I'm not particularly worried, the dangers posed by CMEs and our vulnerability to them are overstated, though not any where near as overstated as the dangers of terrorism.
Originally Posted by Shadowrunner340
And, for whatever reason, you think the same storm that takes out Britain's grid won't affect the grid in the US?
Depends on the duration of the storm, the latitude, the horizon, and the relative robustness of each grid.
Originally Posted by Use
Oh wait, is my laptop safe in the microwave? Turned off of course.
Probably safe on a table.
Originally Posted by guiJY
Ice cores contain thin nitrate-rich layers that can be used to reconstruct a history of past events before reliable observations. These show evidence that events of this magnitude—as measured by high-energy proton radiation, not geomagnetic effect—occur approximately once per 500 years, with events at least one-fifth as large occurring several times per century. Less severe storms have occurred in 1921 and 1960, when widespread radio disruption was reported. Another severe solar storm occurred in March 2012, with major disruption possibly limited only to a spacecraft closer to the Sun than Earth.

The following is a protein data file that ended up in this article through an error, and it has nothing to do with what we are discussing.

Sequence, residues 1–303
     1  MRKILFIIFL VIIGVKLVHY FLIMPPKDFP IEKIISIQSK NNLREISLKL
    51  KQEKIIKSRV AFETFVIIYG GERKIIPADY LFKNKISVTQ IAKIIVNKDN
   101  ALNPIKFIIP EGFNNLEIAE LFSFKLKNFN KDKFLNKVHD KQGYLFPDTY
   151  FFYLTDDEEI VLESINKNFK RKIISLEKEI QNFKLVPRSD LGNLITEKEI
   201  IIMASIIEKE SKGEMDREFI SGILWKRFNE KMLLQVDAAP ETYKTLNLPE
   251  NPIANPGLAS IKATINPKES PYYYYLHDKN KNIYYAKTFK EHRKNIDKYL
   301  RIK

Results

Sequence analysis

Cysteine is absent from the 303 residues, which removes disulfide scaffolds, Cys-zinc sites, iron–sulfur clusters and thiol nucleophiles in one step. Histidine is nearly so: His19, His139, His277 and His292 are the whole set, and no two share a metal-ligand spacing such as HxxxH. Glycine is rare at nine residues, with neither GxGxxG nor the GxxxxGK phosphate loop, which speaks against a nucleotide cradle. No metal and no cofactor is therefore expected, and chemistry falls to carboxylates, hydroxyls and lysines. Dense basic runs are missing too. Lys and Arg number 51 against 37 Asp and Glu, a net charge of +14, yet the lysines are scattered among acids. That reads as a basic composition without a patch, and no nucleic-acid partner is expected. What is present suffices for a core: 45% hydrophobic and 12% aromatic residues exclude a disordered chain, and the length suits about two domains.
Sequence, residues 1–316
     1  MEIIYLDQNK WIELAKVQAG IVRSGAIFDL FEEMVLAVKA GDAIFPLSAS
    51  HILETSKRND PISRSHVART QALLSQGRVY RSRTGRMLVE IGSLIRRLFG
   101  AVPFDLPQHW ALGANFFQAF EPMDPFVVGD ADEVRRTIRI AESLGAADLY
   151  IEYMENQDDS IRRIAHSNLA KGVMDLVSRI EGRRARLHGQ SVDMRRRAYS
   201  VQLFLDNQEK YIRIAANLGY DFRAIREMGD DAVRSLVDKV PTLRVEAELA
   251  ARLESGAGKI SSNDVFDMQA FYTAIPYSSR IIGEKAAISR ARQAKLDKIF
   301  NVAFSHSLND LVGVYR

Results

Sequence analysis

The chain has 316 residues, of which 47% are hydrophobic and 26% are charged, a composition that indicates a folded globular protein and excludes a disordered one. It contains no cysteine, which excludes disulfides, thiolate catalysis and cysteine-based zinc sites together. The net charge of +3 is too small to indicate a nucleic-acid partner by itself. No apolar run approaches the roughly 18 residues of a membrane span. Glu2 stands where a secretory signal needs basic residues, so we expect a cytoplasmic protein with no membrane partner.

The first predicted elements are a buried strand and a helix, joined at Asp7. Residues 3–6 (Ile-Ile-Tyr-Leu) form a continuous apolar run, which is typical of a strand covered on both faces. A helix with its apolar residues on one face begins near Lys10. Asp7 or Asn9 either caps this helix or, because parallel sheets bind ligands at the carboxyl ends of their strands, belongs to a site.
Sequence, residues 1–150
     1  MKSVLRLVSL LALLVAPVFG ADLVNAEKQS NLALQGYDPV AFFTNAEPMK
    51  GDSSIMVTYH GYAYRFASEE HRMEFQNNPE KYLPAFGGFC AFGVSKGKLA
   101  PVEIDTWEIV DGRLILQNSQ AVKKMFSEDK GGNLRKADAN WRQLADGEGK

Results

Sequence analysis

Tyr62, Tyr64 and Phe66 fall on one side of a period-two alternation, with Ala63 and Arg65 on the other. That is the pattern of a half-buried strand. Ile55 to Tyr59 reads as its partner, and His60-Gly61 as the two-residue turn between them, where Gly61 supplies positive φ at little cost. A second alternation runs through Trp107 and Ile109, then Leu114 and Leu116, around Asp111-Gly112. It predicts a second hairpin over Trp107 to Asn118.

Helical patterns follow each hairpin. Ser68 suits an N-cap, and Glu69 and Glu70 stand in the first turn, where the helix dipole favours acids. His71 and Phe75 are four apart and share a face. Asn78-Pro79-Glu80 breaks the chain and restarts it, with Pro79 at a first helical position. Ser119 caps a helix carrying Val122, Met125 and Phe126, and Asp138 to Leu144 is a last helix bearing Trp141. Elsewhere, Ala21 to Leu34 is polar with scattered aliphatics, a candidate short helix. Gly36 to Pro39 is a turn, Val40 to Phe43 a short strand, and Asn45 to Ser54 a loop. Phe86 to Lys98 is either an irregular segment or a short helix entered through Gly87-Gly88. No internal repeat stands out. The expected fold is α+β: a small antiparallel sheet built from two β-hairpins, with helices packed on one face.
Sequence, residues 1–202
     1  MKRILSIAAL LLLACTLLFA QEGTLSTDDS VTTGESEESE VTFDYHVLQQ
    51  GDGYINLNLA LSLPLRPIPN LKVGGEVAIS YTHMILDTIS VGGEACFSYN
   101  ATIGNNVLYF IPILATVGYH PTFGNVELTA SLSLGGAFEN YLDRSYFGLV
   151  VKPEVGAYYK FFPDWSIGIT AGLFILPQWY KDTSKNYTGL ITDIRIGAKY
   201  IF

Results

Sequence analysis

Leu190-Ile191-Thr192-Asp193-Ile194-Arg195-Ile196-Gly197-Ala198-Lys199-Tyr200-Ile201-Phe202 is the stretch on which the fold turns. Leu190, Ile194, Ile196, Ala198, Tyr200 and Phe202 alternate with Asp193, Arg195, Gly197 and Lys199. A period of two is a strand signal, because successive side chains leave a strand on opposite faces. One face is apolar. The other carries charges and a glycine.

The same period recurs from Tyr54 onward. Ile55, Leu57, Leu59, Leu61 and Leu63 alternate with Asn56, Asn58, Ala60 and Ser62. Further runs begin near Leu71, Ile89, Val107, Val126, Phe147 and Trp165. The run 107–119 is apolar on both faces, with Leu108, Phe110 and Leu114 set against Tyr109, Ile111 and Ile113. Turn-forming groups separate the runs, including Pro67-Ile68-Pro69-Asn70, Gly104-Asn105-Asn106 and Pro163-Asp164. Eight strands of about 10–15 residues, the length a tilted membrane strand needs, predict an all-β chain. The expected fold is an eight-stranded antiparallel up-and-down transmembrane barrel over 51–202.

Still 300 years away. Even if it happens, you'd have no way of stopping it anyway.
. Plus, the geomagnetic effect might not be that large if it occurs.
Approximately once every 500 years is an average over geologic time scales.
Next such even could happen today, tomorrow, or 5,000 years from now.
Originally Posted by redsunx
So your water heater works via solar panels? The only thing I'd imagine that would happen is that your water gets a little warmer than usual.
Not how solar water heaters or photovoltaic cells work.
Originally Posted by l88bastar
Lmao...your all missing the point. We have over 100 nuclear reactors in the United States and one good CME will knock out the grid which powers the cooling solutions for these reactors. We have made no concession in our reactor designs for this problem and would be ***** if a major CME occured. Imagine Fukushima Japan times every nuclear reactor around the globe. This would be an ELE...humanity would be done.
Not remotely so.
A few hundred reactor meltdowns, not that such a thing would happen (not every reactor has the same flaws as old GE BWR designs), would not kill a significant number of people, even if no effort was made to contain them (and efforts would be made).